Where are those resolutions?

So here we are – six weeks into the new year – and where are those resolutions? True to form, we all have wonderful intentions at the beginning of the year to lose weight, exercise more, perhaps even meditate, but by this time most of us are back to our old ways and beating ourselves up because of it.

So many of us want to improve different areas of our lives because we know we would feel better, but we get waylaid by old habits and the busyness of life. What can we do to make permanent changes in our lives?

There has actually been a lot of research done on making changes. It turns out that the human brain forms new habits in 21 days. In other words, do anything for 21 days and it becomes a habit. However, when it comes to New Year’s resolutions, many of us fall off the bandwagon at around January 12th. Here are a few things that I think about when it comes to making lasting changes.

Don’t set yourself up for failure.

The old adage “one step at a time” is actually quite wise in this situation.

The first problem many of us have when we decide to make changes is trying to bite off more than we can chew. We try to make really huge changes happen in our lives that we just can’t keep up with.

For example, how many people have you heard say “I am not eating any carbs after January 1st”? Or “I am going to the gym every day”? An analogy to this would be trying to jump to the top of the stairs all at once. We are setting ourselves up for failure – it is just impossible. But we can get to the top of the stairs by taking “one step at a time”.

So one good way to try and make changes in our lives is to commit to one small step. Maybe it is even just putting our sneakers on every day, until that becomes a habit. Then putting our sneakers on and taking a five minute walk, and so on, and so on. Or perhaps we try to eliminate carbs at one meal – a salad rather than a sandwich at lunch.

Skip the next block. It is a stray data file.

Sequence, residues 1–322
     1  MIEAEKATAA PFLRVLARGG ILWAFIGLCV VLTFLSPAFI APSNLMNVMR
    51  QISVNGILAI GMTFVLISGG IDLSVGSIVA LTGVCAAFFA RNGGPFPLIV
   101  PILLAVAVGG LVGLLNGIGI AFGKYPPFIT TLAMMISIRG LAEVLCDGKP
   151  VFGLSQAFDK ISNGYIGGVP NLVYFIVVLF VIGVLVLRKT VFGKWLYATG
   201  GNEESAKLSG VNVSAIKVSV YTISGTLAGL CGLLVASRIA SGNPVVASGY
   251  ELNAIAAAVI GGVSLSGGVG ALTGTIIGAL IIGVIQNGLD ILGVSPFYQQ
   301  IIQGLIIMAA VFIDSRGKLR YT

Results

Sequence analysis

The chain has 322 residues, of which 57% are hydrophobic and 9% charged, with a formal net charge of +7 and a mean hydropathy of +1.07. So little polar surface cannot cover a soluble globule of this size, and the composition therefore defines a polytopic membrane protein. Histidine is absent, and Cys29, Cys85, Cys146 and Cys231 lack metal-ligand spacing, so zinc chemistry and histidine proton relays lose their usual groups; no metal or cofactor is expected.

The bottom line is, we are much more likely to succeed if we make commitments that are achievable.

Be gentle with yourself.

No one really responds well to negativity.

Remember when you were yelled at by someone? Did it at any time inspire you to do better? Or did it in some way, small or large, chip away at your self-esteem? Well, don’t do that to yourself. We are creatures of habit. When we are challenging ourselves to break out of our comfort zone we need to be gentle with ourselves and give ourselves lots encouragement.

After all, it is of utmost importance that we treat ourselves with respect – just how we would like everyone else to treat us. Be your own best cheerleader.

Embark on a new habit.

Spend a lot of time thinking about the changes that you would like to make. See yourself as accomplishing those changes.

Athletes know that they can create muscle memory just by running through their sport in their minds. We can apply that to any change we want to make. We just need to spend time seeing ourselves the way we want to be, rather than the way we are now. What do you look like ten pounds lighter? How do you feel when you are able to run for a full five miles?

Really try and feel your new way of being.

Chronicle your progress.

When we finally do embark on working on our new habit, it is extremely important to chronicle our progress.

Measuring anything changes its very nature, according to my favorite principle – the Heisenberg principle. Also known as the uncertainty principle, or the observer effect, indicates that measuring certain systems cannot be measured without affecting the system.

That means that just measuring our progress can actually change our progress. We can make improvements toward our goal just by documenting it. How cool is that?

So I hope that I have encouraged you and inspired you to get back at those New Year’s resolutions – or more importantly, kinder, gentler, easier to obtain resolutions! Go change your life!